Last week, civil society organizations expressed their concern about “US Congress Voting to Kill Anti-Corruption Safeguard” (FACT Coalition). As FACT describes, “in one of the first votes of the new Congress, lawmakers utilized a controversial procedure and voted to kill a landmark anti-corruption measure”, posing “grave threat to U.S. national security” according to Global Witness.
In a very interesting editorial, the New York Times echoes the worries of civil society, stating how “Republicans in Congress seem strangely eager to let coal companies pollute streams without telling the public, to let oil and gas companies more easily bribe foreign officials”. “The antibribery rule, the journal explains, was called for in the Dodd-Frank Act of 2010 and issued by the Securities and Exchange Commission in June. By requiring companies in extraction industries like oil and gas to disclose payments to foreign governments, it aimed to combat corruption. The American oil industry has said such disclosure would put it at a competitive disadvantage. That’s ridiculous. Many other countries have similar rules”. And The New York Times concludes ”Mr. Trump won the presidency, in part, by promising to hold powerful interests accountable for practices that harm the public. But nullifying final rules — which went through a long, public process on the way to being issued — elevates corporate interests above all others”.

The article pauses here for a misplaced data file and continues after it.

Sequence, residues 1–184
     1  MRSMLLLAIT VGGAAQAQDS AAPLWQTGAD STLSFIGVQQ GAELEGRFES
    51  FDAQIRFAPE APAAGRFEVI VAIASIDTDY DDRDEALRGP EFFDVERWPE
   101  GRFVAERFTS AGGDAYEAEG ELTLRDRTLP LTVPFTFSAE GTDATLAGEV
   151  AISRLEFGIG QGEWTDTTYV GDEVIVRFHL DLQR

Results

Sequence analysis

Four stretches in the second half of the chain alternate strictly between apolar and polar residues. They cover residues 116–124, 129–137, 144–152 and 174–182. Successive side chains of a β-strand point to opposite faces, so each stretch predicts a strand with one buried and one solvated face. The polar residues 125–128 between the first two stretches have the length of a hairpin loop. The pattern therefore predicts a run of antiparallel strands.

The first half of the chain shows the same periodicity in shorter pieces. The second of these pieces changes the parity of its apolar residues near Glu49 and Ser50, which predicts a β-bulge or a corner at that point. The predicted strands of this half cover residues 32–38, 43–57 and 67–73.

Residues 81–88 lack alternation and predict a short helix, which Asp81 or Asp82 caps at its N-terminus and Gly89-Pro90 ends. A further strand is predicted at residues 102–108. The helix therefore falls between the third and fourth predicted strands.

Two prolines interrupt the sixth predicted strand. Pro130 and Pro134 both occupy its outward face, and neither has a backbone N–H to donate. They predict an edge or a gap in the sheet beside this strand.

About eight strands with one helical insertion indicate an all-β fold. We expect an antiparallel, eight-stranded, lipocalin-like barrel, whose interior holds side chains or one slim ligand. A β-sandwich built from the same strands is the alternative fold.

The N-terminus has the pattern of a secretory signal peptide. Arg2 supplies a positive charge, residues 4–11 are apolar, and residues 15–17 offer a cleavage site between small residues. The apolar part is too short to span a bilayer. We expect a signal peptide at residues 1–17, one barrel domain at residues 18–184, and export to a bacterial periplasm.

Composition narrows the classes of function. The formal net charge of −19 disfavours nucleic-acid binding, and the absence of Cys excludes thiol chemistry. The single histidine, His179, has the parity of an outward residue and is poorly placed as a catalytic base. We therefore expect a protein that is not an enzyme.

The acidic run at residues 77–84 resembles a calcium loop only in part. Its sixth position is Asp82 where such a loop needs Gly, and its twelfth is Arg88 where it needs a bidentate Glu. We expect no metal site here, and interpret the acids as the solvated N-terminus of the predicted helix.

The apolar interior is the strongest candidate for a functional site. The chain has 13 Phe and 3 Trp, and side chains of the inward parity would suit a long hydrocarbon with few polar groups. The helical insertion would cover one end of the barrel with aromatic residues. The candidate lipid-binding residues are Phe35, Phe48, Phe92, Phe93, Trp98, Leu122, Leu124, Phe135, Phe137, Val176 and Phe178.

Read the full editorial here.
Image ©Carlos Yudica/Shutterstock (Courtesy FACT Coalition)